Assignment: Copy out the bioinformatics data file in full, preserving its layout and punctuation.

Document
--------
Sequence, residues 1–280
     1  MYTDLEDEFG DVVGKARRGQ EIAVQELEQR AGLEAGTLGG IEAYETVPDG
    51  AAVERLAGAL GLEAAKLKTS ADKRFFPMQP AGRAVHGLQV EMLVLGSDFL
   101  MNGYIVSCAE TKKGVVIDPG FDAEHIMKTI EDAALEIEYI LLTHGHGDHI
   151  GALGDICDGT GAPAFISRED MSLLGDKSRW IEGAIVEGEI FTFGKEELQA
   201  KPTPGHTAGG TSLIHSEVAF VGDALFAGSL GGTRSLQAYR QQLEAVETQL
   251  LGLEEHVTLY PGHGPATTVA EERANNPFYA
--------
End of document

Sequence, residues 1–280
     1  MYTDLEDEFG DVVGKARRGQ EIAVQELEQR AGLEAGTLGG IEAYETVPDG
    51  AAVERLAGAL GLEAAKLKTS ADKRFFPMQP AGRAVHGLQV EMLVLGSDFL
   101  MNGYIVSCAE TKKGVVIDPG FDAEHIMKTI EDAALEIEYI LLTHGHGDHI
   151  GALGDICDGT GAPAFISRED MSLLGDKSRW IEGAIVEGEI FTFGKEELQA
   201  KPTPGHTAGG TSLIHSEVAF VGDALFAGSL GGTRSLQAYR QQLEAVETQL
   251  LGLEEHVTLY PGHGPATTVA EERANNPFYA